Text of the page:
• Like Teater, Graham DeLaet also ranks 15th on Tour in ball striking. DeLaet will help lead a contingent of 23 Canadians, including David Hearn, Stephen Ames and Adam Hadwin - who finished T-4 last year - at their national Open. DeLaet led the field in greens in regulation in his last Tour start at the Greenbrier Classic en route to a T-12 finish and will look to become the first Canadian to win this event since 1954.

• Greenbrier Classic champion Ted Potter, Jr. hopes to continue a recent run that has seen him turn around his 2012 season seemingly out of nowhere. After missing five straight cuts prior to his win in West Virginia, Potter has now played the weekend in three consecutive events, including last week's British Open. He currently leads the Tour in GIR percentage from 150-175 yards and is second on Tour in putts from 5-10 feet, two metrics which may be key to success this week in Ontario.

• British Open champion Ernie Els is not the only player heading to Hamilton on the heels of a victory. Scott Stallings earned his second career Tour victory last week at the True South Classic and will tee it up this week as well. Last week Stallings was second in the field in driving distance and third in strokes gained putting; a similar combination in Ancaster may help Stallings, ranked 153rd on Tour in driving accuracy, counter the struggles he is expected to endure finding the fairway off the tee.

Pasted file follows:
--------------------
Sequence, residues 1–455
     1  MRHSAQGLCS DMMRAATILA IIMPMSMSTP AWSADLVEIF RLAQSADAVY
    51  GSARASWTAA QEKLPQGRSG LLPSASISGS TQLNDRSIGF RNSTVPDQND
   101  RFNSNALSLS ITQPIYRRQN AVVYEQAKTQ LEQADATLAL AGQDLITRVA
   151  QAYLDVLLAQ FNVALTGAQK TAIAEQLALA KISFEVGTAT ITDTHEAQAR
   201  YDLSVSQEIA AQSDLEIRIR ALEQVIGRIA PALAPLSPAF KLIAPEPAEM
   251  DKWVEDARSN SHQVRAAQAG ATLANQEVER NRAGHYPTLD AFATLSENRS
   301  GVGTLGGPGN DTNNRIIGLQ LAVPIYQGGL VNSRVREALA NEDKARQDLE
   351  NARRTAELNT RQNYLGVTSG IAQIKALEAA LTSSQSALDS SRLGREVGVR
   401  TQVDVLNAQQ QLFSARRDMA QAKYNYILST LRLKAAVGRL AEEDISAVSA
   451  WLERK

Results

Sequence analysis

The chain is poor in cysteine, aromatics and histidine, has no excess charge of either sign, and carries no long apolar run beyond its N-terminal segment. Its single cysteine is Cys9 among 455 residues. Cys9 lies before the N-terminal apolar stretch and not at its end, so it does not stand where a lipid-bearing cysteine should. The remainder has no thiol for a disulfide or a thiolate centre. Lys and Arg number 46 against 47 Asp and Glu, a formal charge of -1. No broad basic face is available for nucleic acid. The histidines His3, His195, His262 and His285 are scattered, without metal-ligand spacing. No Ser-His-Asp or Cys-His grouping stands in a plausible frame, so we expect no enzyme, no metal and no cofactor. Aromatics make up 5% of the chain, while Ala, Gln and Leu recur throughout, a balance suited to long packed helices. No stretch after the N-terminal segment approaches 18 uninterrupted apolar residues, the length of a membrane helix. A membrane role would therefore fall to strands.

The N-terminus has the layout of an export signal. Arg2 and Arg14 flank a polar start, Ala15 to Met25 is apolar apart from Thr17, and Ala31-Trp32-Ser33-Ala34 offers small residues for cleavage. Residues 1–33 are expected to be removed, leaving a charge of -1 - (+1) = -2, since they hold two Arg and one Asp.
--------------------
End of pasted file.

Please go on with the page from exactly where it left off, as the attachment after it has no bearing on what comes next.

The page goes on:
Tune in to Golf Channel Thursday-Friday from 3P-6P ET for live coverage of the RBC Canadian Open.

Watch: Shilton wins $16k timepiece with hole-in-one

By Golf Channel DigitalNovember 23, 2017, 2:50 am

Australian Brad Shilton made a hole-in-one on the par-3, 188-yard 11th hole during the first round of the Australian Open, and he was rewarded handsomely for his efforts - with a Tag Heuer watch worth $16k.

Day gets in early mix with 66 in return to Australia

By Associated PressNovember 23, 2017, 2:32 am

SYDNEY - Jason Day's first tournament round in Australia in four years was a 5-under 66 to put him among the leaders early Thursday at the Australian Open.

Day's round came unhinged late with a double-bogey six on the par-4 eighth hole, his second-last of the day. He hit his tee shot into the trees on the left, hit back out to the fairway, missed his approach to the green and then couldn't get up and down.

''That was brutal,'' Day said of the 481-yard hole that played into gusting winds.